It is a Clipper Creek brand.

IMO, you probably don’t want a smart one…just more stuff to possibly fail. All cars can set timers internally and collect stats.

You also need to know how many amps you want. I’d get the most your panel can supply. By NEC your charger can only use 80% of the amount the circuit and breaker are rated at.


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I hadn’t dug in to see what my cost/mile is, but looking at my mpg spreadsheet, I see it has it… For the 4 fill-ups I’ve done, the cost/mile is $0.13m so no complaints… Average mpg dropped on my last fillup to 30.9, my lead foot I guess… what this weekend at 6-8,000 feet will do to it, no idea…

J1772 gets attention - today it the closest to universal standard. Here is a Wiki link - worth reading:

You can see in the standard it is possible to support well over 100 amps, but that is only part of the important information. What is the max current the AC to DC converter in your car will support?

Over the years I have seen some J1772 chargers advertised/labeled(?) for my car with different maximum current figures.

The 80% duty factor is part of the NEC. No continuous power draw exceeding 80% is allowed the applies to circuit breakers, wire/cable plugs/outlets, switches, etc.

There are circumstances which may justify “smart” chargers. A good example can happen when people choose to get EVs in houses whose wiring is nearing capacity. (Note: wiring capacity is only tangentially related to places in the breaker box to add more breakers.) There are wires that connect your house to the power company wires for example.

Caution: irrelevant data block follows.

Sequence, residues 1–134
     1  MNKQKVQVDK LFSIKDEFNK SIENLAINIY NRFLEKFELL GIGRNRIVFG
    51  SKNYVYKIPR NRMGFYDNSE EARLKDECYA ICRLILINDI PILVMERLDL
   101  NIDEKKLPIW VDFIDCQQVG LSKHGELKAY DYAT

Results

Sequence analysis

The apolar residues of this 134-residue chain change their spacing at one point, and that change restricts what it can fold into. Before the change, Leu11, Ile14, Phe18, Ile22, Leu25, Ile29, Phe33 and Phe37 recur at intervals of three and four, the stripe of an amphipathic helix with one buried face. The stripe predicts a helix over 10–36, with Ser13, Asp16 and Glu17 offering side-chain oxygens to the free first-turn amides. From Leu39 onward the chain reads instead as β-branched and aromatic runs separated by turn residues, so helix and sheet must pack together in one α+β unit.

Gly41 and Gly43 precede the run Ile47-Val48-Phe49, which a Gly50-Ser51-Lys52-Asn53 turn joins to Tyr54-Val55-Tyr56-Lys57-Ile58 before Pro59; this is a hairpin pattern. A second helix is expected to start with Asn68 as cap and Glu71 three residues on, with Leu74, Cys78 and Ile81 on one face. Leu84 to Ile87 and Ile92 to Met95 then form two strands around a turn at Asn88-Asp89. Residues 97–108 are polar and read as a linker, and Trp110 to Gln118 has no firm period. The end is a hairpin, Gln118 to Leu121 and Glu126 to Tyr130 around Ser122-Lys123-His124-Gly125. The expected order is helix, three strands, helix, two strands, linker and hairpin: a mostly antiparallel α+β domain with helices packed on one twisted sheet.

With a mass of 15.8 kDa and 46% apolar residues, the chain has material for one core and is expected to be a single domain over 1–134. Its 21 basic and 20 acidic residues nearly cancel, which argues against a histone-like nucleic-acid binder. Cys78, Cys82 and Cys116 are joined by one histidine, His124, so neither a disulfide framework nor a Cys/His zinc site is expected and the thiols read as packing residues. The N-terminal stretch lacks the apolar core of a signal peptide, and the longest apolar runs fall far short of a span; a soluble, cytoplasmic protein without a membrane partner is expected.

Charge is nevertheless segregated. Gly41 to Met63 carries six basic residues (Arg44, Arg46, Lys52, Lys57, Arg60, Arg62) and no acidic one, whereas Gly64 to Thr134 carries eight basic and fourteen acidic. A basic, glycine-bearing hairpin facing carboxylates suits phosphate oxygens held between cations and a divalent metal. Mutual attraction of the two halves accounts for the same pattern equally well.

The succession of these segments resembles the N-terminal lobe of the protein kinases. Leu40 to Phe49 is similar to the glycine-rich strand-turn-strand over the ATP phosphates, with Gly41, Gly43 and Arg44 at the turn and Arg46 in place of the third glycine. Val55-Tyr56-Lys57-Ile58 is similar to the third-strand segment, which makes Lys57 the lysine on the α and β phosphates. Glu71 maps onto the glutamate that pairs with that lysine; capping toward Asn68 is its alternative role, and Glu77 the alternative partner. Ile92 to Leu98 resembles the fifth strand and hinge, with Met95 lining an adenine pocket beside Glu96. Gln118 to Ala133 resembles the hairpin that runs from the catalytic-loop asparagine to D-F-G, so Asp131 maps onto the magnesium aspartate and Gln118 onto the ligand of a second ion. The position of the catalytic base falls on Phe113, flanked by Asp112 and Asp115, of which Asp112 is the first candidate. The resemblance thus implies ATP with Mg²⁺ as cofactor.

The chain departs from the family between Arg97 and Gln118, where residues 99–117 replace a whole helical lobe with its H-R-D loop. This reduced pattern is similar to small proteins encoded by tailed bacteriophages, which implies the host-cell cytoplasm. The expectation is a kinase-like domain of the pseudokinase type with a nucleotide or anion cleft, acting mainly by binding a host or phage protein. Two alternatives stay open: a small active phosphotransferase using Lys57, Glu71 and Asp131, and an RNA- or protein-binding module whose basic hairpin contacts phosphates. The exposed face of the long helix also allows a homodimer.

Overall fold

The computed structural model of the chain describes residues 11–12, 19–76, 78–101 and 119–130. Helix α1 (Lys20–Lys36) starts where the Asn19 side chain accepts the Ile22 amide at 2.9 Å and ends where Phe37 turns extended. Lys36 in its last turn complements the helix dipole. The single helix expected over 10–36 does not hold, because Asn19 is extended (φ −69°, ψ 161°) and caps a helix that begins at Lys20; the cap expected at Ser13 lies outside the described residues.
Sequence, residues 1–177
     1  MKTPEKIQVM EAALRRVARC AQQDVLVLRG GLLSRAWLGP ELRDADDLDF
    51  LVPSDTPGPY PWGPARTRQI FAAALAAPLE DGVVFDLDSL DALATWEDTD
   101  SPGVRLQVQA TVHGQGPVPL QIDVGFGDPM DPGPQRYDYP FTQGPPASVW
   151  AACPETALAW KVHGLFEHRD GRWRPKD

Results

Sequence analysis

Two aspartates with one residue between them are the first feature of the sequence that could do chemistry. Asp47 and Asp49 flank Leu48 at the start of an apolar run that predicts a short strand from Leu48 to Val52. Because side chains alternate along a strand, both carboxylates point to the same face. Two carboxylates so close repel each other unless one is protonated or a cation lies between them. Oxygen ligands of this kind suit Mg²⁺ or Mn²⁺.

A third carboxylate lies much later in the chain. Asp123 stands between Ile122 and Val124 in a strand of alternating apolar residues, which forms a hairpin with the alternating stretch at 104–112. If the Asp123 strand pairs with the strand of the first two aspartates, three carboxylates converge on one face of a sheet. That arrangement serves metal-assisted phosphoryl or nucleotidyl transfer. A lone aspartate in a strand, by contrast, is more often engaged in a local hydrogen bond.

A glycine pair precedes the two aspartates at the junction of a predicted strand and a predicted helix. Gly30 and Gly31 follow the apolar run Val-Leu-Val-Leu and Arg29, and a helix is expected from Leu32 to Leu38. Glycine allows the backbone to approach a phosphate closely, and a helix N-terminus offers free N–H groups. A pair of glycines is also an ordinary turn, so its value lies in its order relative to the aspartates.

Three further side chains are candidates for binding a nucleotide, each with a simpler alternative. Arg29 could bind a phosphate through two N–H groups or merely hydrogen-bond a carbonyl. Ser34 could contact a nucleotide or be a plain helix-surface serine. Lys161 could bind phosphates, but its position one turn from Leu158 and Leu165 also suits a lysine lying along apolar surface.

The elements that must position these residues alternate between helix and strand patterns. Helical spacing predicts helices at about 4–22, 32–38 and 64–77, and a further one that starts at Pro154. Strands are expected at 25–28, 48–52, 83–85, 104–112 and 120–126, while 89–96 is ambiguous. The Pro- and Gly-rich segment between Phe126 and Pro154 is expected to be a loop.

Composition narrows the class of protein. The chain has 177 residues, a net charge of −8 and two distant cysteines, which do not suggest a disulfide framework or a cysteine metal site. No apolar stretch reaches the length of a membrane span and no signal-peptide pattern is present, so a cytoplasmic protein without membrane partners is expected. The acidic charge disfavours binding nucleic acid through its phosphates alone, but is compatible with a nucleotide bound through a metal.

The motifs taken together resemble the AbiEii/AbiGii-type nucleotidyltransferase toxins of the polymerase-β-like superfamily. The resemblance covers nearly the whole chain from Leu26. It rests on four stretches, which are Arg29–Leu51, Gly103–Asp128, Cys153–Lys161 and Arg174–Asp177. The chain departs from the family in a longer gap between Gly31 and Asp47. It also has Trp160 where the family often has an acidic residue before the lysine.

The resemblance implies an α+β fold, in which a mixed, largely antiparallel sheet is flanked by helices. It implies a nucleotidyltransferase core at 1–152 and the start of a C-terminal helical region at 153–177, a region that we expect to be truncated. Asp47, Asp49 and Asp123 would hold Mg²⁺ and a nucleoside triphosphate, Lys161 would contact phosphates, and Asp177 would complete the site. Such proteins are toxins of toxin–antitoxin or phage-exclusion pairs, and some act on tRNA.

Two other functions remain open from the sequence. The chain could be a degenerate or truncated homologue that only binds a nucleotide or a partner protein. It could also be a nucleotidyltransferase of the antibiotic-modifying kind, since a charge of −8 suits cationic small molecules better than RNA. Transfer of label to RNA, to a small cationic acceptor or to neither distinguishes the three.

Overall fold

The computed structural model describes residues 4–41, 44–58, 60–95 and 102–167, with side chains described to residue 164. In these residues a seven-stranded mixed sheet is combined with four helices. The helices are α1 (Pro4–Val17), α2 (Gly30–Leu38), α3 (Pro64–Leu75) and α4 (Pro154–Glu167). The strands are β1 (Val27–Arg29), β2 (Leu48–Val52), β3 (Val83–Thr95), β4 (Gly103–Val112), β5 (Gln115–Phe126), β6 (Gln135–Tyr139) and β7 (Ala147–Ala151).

Maybe your house can easily add one 50 amp service, but not two without say expanding the breaker panel from 200 to 400 amp capacity. Just replacing the 200 amp breaker box is easily over a thousand.

If you want that second EV charging option, here are three options.

#1 Use a single charger for two cars by moving the plug.

#2. Use two chargers to 20 amps max – one for each car. This option would set the max charging rate on my car to about 14 miles an hour. If I drove from my house to the Atlanta airport and returned I would need 10 hours to replace the power used. If I took a 300 mile round trip (May car has 400 mile range) I means over 20 hours to replace charge.

#3. Use Tesla Smart Chargers (other smart chargers likely exist – I just don’t know about them). Tesla Generation 3 chargers “talk” to each other and will happily optimally charge cars with as much current as the house power can supply. Assume you have two cars like my Model S. If both cars have a low state of charge, functionally the system will not be any faster than two 20 amp chargers. But if one is at 20% and the other is at 65% you will be able to have both at 80% in less than 11 hours with a total current draw of 40 amps. To 90% in less than 13 hours.

Keep in mind that having multiple 50 outlet/breakers does not mean the house load is the max of all of them, one might be fully loaded, but odds are the others are not, to total load os often way below the available 200A service…

Like now, lights, outlets were on 15A or 20A breakers, and with a lot of incandescent lamps it may have nudged the limits… But today, near everything here is LEDs, no waffle irons, space heaters, so the overall load is pretty low… Even our computers, TVs are more efficient, lower loads…

Changing times…

Some changes are not progress.